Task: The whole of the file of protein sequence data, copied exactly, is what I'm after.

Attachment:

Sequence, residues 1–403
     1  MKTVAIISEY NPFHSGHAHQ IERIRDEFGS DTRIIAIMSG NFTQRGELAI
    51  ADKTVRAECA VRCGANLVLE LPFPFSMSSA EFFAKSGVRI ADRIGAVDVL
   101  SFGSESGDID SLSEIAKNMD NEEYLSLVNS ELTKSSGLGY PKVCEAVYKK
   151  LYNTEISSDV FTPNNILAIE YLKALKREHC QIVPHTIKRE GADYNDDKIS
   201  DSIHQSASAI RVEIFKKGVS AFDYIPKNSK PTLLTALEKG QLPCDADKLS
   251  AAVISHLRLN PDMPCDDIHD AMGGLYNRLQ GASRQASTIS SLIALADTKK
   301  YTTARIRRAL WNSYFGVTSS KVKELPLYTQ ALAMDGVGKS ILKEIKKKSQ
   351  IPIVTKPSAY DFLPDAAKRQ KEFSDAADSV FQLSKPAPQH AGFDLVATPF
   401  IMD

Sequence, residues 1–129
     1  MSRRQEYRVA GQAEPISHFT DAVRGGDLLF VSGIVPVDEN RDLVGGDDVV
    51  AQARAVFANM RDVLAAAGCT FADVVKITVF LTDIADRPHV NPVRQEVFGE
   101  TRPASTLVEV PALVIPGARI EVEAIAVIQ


Sequence, residues 1–403
     1  MKTVAIISEY NPFHSGHAHQ IERIRDEFGS DTRIIAIMSG NFTQRGELAI
    51  ADKTVRAECA VRCGANLVLE LPFPFSMSSA EFFAKSGVRI ADRIGAVDVL
   101  SFGSESGDID SLSEIAKNMD NEEYLSLVNS ELTKSSGLGY PKVCEAVYKK
   151  LYNTEISSDV FTPNNILAIE YLKALKREHC QIVPHTIKRE GADYNDDKIS
   201  DSIHQSASAI RVEIFKKGVS AFDYIPKNSK PTLLTALEKG QLPCDADKLS
   251  AAVISHLRLN PDMPCDDIHD AMGGLYNRLQ GASRQASTIS SLIALADTKK
   301  YTTARIRRAL WNSYFGVTSS KVKELPLYTQ ALAMDGVGKS ILKEIKKKSQ
   351  IPIVTKPSAY DFLPDAAKRQ KEFSDAADSV FQLSKPAPQH AGFDLVATPF
   401  IMD

Sequence, residues 1–129
     1  MSRRQEYRVA GQAEPISHFT DAVRGGDLLF VSGIVPVDEN RDLVGGDDVV
    51  AQARAVFANM RDVLAAAGCT FADVVKITVF LTDIADRPHV NPVRQEVFGE
   101  TRPASTLVEV PALVIPGARI EVEAIAVIQ